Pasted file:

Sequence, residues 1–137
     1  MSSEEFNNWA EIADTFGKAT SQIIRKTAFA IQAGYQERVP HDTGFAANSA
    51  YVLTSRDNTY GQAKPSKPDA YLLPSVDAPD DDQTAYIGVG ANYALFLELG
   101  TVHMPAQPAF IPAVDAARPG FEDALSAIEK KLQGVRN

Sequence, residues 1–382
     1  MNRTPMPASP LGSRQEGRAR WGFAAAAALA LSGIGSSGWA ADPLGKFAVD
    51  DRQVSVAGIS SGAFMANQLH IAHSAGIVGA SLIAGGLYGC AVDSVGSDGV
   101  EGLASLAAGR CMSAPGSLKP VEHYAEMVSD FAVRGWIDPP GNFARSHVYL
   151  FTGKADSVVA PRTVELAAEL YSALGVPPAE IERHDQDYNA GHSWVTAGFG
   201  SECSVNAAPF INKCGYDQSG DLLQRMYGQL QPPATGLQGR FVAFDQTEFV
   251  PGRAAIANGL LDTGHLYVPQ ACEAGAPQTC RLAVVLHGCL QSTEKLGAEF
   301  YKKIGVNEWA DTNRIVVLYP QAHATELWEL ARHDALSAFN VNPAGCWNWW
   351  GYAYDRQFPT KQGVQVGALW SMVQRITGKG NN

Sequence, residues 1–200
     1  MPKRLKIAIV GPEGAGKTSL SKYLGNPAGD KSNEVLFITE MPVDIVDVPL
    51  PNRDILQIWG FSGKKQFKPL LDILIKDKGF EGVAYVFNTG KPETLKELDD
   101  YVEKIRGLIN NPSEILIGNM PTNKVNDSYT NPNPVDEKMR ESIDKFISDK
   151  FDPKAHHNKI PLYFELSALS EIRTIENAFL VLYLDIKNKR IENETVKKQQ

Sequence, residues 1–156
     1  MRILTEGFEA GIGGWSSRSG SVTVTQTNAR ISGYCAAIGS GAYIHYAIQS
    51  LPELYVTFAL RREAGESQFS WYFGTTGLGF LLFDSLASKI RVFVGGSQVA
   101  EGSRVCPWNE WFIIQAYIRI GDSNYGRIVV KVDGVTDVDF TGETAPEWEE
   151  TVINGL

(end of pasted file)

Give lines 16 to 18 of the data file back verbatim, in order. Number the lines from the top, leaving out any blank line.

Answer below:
    51  PNRDILQIWG FSGKKQFKPL LDILIKDKGF EGVAYVFNTG KPETLKELDD
   101  YVEKIRGLIN NPSEILIGNM PTNKVNDSYT NPNPVDEKMR ESIDKFISDK
   151  FDPKAHHNKI PLYFELSALS EIRTIENAFL VLYLDIKNKR IENETVKKQQ